William Barr has been nominated by President Trump to lead the U.S. Justice Department, the White House announced this morning.

Barr, 68, served as attorney general during the George H.W. Bush administration from 1991 to 1993. In the decades since, he’s worked as a corporate lawyer, including a long stint as general counsel and executive vice president of Verizon. He retired from the telecom giant in 2008 and has since worked for the law firm Kirkland & Ellis.

Barr would replace acting attorney general Matthew Whitaker, who’s been widely criticized for his public comments questioning the legitimacy of the investigation led by special counsel Robert Mueller into Russian tampering with the 2016 election. Trump appointed Whitaker last month after firing former Alabama Sen. Jeff Sessions in the immediate wake of the 2018 midterms. The president had been itching to rid the Justice Department of Sessions for months, due to Sessions’ recusal from the Mueller probe.

Will Barr keep his hands off Mueller? That question is sure to come up in Senate hearings on his nomination. Nonetheless, Barr’s confirmation by the Republican-controlled Senate seems a good bet. He lacks Whitaker’s rhetorical baggage, and the fact Barr served under Bush 41 — who’s been temporarily elevated to a mild sort of national sainthood after his recent death — can’t hurt his image as a reasonable pick.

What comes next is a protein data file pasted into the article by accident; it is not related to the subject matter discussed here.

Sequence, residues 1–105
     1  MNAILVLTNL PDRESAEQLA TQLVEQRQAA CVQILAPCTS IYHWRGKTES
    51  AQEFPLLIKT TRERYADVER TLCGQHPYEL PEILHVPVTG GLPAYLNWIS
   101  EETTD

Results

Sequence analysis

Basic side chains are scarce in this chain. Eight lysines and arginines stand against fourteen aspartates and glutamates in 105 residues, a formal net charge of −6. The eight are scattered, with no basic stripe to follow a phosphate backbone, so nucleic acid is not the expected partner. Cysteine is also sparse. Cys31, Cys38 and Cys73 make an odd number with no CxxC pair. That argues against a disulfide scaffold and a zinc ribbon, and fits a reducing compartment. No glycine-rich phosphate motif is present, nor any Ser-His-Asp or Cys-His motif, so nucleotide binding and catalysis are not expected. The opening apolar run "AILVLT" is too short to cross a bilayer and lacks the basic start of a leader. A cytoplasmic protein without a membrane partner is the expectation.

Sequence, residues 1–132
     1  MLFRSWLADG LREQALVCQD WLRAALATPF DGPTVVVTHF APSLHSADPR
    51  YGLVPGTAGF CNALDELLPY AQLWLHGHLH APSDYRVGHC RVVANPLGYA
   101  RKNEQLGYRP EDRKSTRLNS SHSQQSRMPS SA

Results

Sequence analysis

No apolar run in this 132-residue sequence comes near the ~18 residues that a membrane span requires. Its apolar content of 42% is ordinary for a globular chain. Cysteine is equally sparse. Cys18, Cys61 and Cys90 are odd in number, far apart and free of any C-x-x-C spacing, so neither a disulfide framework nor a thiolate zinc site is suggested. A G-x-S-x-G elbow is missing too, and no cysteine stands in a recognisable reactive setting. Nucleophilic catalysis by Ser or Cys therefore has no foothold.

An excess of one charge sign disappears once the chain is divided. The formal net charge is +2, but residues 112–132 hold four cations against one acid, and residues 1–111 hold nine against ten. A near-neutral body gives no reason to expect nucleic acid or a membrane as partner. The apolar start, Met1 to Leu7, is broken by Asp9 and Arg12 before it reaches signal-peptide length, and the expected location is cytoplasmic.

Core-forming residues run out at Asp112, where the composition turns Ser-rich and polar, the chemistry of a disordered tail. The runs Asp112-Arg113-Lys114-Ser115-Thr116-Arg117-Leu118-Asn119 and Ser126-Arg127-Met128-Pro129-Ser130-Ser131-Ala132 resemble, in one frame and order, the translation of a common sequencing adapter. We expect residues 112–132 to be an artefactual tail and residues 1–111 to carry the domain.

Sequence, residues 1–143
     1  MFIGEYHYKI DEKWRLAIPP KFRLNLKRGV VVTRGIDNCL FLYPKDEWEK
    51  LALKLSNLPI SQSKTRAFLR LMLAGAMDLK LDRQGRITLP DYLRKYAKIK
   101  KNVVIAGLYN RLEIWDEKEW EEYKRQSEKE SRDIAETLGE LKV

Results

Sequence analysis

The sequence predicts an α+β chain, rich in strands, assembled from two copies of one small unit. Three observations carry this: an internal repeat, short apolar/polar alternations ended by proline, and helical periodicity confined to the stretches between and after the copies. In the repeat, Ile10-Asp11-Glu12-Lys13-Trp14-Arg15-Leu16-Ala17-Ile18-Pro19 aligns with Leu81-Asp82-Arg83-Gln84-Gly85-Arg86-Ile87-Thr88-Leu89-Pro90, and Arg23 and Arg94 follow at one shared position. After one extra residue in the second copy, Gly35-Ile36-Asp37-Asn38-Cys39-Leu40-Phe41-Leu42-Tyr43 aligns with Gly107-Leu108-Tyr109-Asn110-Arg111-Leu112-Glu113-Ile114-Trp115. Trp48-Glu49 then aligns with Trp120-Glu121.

Considering the high stakes of the Russia investigation, there’s still cause for concern. The Washington Post’s Aaron Blake writes that Barr, too, has been critical of the Mueller probe and suggested that the Justice Department should further investigate Hillary Clinton’s role in the “Uranium One” controversy.

Governor Hutchinson, who served as a U.S. attorney during the Reagan era, tweeted his enthusiastic endorsement of Barr:

The White House also announced that former Fox News correspondent Heather Nauert would be nominated to replace outgoing United Nations ambassador Nikki Haley. The UN ambassadorship also requires Senate confirmation.